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The Daily Ardmoreite
  • Classroom benefits from pet rabbit's presence

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  • jennifer.lindsey@ardmoreite.com
    Lincoln Elementary Teacher Natalie Griffin's fifth-grade class has an extra student this year, Midnight the rabbit.
    When fourth-grade teacher Comfort Keidel's rabbit had kittens, several Lincoln classes received pets.
    Griffin's students were particularly excited because many of them were in Kleidel's class last year.
    "A rabbit gives us something to do. I like having a rabbit roaming around," Jake Spencer said.
    According to Griffin, Midnight has aided in alleviating student anxiousness and teaching responsibility.
    "He's not a bother. He blends right in," she said. "When I watch the children hold the rabbit, it's peaceful."
    All of the students help care for Midnight, making sure he is fed and bathed.
    "It's a big responsibility, so the students learn how to be responsible," Griffin said.
    Rayven Sheehy has pet rabbits at home and hopes to one day be a veterinarian. She helped the class potty-train Midnight, who now has his own litter box inside his cage.
    "You just put the litter box in the cage, set the rabbit by it and hope it hops in," Sheehy said. "Eventually it will learn more and more what to do."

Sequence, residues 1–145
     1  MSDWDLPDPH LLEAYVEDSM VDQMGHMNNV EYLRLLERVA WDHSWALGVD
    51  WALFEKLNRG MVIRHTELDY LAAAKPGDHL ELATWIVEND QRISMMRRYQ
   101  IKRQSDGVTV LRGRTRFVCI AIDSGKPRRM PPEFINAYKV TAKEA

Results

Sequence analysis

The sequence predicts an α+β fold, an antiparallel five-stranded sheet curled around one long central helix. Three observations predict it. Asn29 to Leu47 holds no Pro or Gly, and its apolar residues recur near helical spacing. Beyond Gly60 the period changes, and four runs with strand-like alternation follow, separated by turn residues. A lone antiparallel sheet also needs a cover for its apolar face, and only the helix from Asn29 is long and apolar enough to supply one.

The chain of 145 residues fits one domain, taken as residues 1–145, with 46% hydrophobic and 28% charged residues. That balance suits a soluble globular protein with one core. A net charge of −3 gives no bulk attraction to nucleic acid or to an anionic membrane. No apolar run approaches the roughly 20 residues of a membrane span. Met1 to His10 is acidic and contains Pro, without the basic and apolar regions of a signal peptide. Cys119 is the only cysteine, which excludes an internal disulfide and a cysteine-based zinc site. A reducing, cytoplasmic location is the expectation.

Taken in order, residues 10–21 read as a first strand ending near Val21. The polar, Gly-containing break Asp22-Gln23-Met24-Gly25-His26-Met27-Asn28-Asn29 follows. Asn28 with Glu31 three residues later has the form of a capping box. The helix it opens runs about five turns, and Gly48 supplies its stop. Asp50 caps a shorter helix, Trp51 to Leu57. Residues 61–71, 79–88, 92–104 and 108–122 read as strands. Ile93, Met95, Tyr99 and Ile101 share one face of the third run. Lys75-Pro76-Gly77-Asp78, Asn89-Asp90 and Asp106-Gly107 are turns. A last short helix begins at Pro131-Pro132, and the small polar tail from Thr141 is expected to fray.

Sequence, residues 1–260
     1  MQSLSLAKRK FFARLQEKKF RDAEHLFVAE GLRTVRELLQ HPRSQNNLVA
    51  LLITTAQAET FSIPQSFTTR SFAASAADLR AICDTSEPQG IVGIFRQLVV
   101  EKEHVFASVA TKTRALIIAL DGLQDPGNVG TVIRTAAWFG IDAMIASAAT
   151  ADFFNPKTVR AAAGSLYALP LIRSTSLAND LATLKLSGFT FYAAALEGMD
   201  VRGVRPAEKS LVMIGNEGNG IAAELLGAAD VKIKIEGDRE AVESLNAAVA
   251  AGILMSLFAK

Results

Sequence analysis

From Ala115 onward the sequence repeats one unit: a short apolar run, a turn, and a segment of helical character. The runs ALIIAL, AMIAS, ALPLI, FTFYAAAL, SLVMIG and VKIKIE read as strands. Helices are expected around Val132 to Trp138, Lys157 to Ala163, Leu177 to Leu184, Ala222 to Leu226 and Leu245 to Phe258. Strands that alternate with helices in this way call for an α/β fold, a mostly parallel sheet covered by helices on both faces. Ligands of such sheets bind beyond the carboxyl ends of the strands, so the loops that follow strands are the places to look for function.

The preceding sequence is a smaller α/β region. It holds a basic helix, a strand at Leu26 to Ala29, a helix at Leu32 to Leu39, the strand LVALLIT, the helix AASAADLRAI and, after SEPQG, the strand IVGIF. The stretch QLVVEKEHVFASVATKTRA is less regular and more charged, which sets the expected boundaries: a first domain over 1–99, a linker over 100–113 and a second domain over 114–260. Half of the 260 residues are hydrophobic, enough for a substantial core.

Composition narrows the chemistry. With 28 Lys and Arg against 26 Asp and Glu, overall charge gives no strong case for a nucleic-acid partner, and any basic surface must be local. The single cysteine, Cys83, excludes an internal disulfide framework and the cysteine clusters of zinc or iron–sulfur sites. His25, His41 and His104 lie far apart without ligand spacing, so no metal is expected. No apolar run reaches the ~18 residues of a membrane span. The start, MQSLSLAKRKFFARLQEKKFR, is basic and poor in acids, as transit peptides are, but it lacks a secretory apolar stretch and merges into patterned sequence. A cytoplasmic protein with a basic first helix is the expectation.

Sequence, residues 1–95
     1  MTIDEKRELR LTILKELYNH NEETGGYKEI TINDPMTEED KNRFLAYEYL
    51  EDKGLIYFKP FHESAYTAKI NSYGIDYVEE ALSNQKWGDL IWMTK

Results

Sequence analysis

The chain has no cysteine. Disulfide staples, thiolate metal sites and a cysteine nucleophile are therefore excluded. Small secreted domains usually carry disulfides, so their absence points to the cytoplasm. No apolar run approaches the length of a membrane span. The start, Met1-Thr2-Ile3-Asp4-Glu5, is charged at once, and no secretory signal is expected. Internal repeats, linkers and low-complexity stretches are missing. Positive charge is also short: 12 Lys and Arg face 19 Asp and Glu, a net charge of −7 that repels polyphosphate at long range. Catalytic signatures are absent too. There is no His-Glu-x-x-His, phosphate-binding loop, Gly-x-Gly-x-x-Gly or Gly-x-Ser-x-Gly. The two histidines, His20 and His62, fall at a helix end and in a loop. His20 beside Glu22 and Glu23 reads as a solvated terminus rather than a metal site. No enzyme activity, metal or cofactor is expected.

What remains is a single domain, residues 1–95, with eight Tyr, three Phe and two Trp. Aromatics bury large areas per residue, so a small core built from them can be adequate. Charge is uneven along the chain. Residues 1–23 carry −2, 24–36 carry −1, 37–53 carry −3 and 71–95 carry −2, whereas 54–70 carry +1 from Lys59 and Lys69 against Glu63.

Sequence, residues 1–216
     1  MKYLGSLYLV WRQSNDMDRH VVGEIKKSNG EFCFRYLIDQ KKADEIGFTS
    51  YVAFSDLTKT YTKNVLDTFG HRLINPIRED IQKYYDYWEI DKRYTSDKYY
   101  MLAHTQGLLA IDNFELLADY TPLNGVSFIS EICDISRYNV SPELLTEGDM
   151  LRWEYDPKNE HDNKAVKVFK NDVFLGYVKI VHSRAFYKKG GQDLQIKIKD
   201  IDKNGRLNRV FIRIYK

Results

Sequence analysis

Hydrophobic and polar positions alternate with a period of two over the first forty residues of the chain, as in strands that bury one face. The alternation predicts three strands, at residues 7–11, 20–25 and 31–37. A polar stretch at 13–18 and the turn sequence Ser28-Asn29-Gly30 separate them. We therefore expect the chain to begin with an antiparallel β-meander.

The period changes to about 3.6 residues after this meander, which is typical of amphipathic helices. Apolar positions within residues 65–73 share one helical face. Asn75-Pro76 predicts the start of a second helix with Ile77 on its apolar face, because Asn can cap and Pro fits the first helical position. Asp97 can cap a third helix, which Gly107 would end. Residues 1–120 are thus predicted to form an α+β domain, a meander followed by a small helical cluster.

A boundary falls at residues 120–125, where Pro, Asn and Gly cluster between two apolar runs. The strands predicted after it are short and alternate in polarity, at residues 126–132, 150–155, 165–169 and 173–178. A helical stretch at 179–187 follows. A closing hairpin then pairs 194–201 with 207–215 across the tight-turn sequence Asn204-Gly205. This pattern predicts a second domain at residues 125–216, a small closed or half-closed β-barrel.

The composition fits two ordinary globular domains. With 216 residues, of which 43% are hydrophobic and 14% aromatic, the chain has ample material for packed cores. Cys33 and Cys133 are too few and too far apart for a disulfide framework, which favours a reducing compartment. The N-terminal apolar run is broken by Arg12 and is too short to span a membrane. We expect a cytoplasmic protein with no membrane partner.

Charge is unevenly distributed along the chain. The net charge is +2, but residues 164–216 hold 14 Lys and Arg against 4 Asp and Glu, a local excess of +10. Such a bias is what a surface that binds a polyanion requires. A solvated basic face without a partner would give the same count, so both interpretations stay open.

Students regularly clean Midnight with baby wipes.
    "Sometimes he lays in the kitty litter, and that's why we have to clean him," Austin Woodell said.
    The class voted to decide Midnight's name.
    "I liked the name Midnight because he's black but has a twinkle in his eyes," Lindsay Fogle said.
    When students are reading or working on an assignment, Midnight can often be found hopping around the classroom.
    "Whenever he wants to be picked up, he jumps on your lap, and he will follow you around the classroom," Derick Peters said.
    Many students will hold him in their lap or set him on top of their desk while they work.
    "I hold him when I'm reading. It feels comfortable," Jada Terry said.
    Midnight also gives kisses.
    "He'll lick your nose, and it tickles," Aaron Thomason said.
    Midnight knows the class's schedule and responds accordingly. However, he also has his own rabbit-sized leash and cape for going out.
    "When we go to recess, he'll go in the cage, or we'll take him outside on his leash," Valerie Harper said.
    Midnight is truly a part of the class.
    "I wanted to branch out of my comfort zone," Griffin said. "I have not had a lot of pets before, but the children have loved it."

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